“Maybe he’s referring to my hair,” Newsom quipped, adding the oil interests Maldonado cites were independent investments made on his wife’s behalf, having nothing to do with him.

Posted on Friday, October 15th, 2010
Under: 2010 election, Abel Maldonado, Gavin Newsom, Lt. Governor | No Comments »

Maldonado takes conservative heat on Prop. 8

A conservative group is calling Lt. Gov. Abel Maldonado, the Republican nominee to keep the job come November, “incompetent and dangerous” given his refusal to mount a legal defense of Proposition 8’s same-sex marriage ban while the governor is gone.

The Capitol Resource Institute, a Sacramento-based conservative advocacy group, issued a news release last Friday saying conservative leaders led by former Republican attorney general candidate John Eastman had asked to meet with Maldonado to discuss the issue.

Gov. Arnold Schwarzenegger and Attorney General Jerry Brown have declined to defend the constitutionality of Proposition 8, the November 2008 measure that amended the state constitution to ban same-sex marriage. A federal judge has deemed the measure unconstitutional, and arguments have ensued about whether Prop. 8’s proponents – who were allowed to intervene in the trial to defend the measure – now have standing to appeal the judge’s ruling to the 9th U.S. Circuit Court of Appeals.

“But Abel Maldonado is a supporter of Proposition 8 and hopefully more willing to honor the obligations of his office than the current Attorney General has been” Eastman said in Friday’s release. “Importantly, while the Governor is traveling outside of the State, all of the rights and responsibilities of the office of Governor rest with Mr. Maldonado.”

The CRI posted Maldonado’s office and campaign numbers on its website so supporters could call and urge him to file an appeal defending Prop. 8. Monday was the deadline for doing so, and the deadline came and went without any state action.

Today, the CRI issued a release saying Maldonado was challenged today on Eric Hogue’s KTKZ radio show as to his refusal to act on Proposition 8; Maldonado apparently said he’d been unable to deal with the appeal issue due to being consumed with the San Bruno disaster. Later in the interview, he indicated his inaction may have been more intentional, explaining he has a partnership with the Governor.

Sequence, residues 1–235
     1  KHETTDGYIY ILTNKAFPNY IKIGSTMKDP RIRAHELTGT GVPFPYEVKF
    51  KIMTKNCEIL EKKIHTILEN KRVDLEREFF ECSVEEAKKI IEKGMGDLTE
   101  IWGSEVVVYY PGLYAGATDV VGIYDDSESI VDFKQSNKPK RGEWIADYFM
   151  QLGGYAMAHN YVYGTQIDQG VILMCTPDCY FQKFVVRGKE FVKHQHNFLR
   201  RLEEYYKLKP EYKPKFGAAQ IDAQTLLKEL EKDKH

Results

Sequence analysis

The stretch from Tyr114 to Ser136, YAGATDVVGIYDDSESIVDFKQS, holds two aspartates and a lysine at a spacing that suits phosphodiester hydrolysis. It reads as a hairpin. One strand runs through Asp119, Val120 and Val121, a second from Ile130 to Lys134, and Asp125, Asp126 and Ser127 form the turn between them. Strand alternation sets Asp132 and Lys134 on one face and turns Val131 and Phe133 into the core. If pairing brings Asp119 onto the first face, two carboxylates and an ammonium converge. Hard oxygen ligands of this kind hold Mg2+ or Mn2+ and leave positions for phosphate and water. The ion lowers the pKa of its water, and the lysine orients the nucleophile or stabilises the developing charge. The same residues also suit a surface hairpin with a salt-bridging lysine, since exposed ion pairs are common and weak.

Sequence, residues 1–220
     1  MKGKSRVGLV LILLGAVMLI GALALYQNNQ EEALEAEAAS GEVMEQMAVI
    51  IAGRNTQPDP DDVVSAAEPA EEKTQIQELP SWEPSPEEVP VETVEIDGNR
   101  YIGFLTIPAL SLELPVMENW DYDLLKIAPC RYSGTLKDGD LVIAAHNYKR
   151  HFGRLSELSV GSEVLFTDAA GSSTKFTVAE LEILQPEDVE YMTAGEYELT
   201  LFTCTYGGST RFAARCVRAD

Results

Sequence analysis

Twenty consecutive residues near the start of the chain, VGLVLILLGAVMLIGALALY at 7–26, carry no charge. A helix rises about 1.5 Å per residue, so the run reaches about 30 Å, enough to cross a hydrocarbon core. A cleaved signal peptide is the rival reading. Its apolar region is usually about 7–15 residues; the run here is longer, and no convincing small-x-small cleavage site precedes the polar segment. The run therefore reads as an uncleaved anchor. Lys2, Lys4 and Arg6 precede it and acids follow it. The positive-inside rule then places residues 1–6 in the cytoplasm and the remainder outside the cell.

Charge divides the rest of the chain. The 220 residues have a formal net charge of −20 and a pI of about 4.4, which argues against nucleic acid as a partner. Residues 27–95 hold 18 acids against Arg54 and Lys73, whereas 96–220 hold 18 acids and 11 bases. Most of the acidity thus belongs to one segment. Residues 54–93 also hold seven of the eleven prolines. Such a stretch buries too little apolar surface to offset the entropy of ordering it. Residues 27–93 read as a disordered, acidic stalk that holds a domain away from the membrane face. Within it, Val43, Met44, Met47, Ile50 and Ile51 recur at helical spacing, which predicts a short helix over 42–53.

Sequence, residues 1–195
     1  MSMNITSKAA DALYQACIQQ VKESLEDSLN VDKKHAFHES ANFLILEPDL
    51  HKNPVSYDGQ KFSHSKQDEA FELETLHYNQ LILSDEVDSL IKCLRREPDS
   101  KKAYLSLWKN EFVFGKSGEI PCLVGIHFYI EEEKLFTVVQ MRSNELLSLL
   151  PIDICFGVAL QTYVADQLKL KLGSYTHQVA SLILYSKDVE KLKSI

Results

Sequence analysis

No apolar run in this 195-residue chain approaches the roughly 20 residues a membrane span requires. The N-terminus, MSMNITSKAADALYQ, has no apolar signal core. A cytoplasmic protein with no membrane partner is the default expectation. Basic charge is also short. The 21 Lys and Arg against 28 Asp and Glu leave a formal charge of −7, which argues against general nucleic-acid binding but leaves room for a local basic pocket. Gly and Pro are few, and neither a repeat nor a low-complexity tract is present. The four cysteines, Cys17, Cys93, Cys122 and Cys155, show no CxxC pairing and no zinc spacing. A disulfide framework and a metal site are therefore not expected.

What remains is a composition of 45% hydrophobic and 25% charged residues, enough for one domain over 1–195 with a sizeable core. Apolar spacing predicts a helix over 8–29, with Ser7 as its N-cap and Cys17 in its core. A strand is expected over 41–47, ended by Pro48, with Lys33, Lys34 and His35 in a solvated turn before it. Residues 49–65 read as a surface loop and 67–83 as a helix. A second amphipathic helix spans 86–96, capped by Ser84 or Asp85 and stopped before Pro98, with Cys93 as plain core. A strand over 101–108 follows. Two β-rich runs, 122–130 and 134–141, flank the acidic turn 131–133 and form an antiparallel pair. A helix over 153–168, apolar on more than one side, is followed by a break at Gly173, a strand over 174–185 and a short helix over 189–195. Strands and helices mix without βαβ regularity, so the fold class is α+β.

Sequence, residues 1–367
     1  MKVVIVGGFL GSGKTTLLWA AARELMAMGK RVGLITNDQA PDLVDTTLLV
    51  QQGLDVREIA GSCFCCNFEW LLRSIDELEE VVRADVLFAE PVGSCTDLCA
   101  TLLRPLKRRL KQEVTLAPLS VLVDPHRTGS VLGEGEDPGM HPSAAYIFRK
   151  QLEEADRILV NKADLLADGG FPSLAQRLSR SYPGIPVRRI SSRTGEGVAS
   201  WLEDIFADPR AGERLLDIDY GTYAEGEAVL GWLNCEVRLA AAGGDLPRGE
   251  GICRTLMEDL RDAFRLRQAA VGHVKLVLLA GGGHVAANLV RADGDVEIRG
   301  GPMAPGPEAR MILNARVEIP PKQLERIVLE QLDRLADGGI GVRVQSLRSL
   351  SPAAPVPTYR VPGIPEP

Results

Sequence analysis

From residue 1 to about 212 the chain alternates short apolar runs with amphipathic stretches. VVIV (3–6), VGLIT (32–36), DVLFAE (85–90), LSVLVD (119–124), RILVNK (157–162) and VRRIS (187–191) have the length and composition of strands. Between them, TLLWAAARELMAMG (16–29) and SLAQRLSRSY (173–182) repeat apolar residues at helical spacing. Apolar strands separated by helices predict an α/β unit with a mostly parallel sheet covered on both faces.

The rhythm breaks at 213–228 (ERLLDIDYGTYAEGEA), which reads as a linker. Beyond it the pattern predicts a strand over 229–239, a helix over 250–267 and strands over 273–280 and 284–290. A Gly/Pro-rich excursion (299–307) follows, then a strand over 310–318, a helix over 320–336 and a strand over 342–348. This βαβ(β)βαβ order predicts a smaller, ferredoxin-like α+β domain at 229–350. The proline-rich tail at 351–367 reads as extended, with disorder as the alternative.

“We certainly appreciate the attention that Mr. Maldonado paid to San Bruno, but we will not allow him to exploit that disaster as an excuse for ignoring the necessary filing of this appeal,” CRI executive director Karen England said in the release. “The requests for the Lieutenant Governor to sign this appeal began prior to the San Bruno incident and were repeated with intensity for several days after the explosion.”

Eastman had prepared the necessary paperwork for Maldonado to file the appeal; all Maldonado had to do was pull the trigger, the release said. Said England:

Karen England“Let me be candid. Maldonado is incompetent and disingenuous if he says he could not find a few minutes to approve this filing in his first five days as acting governor. For several days his staff indicated they would call back with an answer and the Lieutenant Governor complained that the pressure from the public was so intense on Monday that they could not use their phone system. He could have freed those phones up immediately by giving the go ahead.”